Abdication (from the Latin abdicatio disowning, renouncing, from ab, from, and dicare, to declare, to proclaim as not belonging to one), the act whereby a person in office renounces and gives up the same before the expiry of the time for which it is held. In Roman law, the term is especially applied to the disowning of a member of a family, as the disinheriting of a son, but the word is seldom used except in the sense of surrendering the supreme power in a state.
Probably the most famous abdication in recent memory is that of King Edward VIII of the United Kingdom in 1936, who abdicated the British throne in order to marry American divorceť Wallis Simpson, over the objections of the Church of England and the royal family. (See Abdication crisis of 1936.) This was also the first time in history that the British crown was surrendered entirely voluntarily. Richard II of England, for example, was forced to abdicate after the throne was seized by his cousin, Henry Bolingbroke, while Richard was out of the country.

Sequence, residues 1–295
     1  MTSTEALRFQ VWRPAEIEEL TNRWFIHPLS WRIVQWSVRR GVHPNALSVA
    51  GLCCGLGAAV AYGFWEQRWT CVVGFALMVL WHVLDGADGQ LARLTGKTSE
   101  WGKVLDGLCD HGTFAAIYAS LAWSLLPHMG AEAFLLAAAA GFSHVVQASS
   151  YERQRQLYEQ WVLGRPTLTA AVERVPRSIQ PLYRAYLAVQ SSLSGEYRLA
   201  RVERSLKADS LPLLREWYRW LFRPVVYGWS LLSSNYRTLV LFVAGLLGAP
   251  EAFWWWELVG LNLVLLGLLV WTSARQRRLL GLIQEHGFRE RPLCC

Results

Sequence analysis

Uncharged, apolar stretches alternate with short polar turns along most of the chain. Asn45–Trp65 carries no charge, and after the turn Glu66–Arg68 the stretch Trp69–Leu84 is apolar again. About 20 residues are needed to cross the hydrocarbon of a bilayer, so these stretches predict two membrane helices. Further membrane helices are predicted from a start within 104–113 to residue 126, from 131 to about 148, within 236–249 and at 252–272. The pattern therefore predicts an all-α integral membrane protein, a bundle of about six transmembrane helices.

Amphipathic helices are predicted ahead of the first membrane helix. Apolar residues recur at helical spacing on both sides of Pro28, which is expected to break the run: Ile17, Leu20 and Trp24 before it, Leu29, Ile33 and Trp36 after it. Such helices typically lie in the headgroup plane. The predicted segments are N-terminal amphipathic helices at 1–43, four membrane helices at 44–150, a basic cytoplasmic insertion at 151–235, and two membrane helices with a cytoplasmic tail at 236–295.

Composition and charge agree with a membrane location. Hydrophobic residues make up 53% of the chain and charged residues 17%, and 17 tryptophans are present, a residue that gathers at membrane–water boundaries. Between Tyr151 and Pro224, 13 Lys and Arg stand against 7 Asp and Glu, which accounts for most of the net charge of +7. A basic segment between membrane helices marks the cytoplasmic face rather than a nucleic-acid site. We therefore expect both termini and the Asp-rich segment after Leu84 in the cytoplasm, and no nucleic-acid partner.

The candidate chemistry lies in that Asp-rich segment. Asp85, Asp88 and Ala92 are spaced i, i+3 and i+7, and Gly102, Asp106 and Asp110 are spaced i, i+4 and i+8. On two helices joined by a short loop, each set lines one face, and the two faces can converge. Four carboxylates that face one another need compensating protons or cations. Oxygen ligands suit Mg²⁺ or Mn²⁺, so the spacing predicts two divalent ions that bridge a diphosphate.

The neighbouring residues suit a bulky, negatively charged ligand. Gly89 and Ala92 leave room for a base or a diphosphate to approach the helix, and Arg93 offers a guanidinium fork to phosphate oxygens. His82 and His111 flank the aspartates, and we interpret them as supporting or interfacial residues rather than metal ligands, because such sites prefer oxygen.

When James II of England, after throwing the great seal into the Thames, fled to France in 1688, he did not formally resign the crown, and the question was discussed in parliament whether he had forfeited the throne or had abdicated. The latter designation was agreed upon, for in a full assembly of the Lords and Commons, met in convention, it was resolved in spite of James's protest "that King James II having endeavoured to subvert the constitution of the kingdom, by breaking the original contract between king and people, and, by the advice of Jesuits and other wicked persons, having violated the fundamental laws, and having withdrawn himself out of this kingdom, has abdicated the government, and that the throne is thereby vacant." The Scottish parliament pronounced a decree of forfeiture and deposition. Among the most memorable abdications of antiquity may be mentioned that of Sulla the dictator, 79 B.C., and that of the Emperor Diocletian, A.D. 305. The following is a list of the more important abdications:
1 Pedro had succeeded to the throne of Portugal in 1826, but abdicated it at once in favor of his daughter.
See also: Lists of incumbents, List of monarchs who lost their thrones or abdicated in the 20th century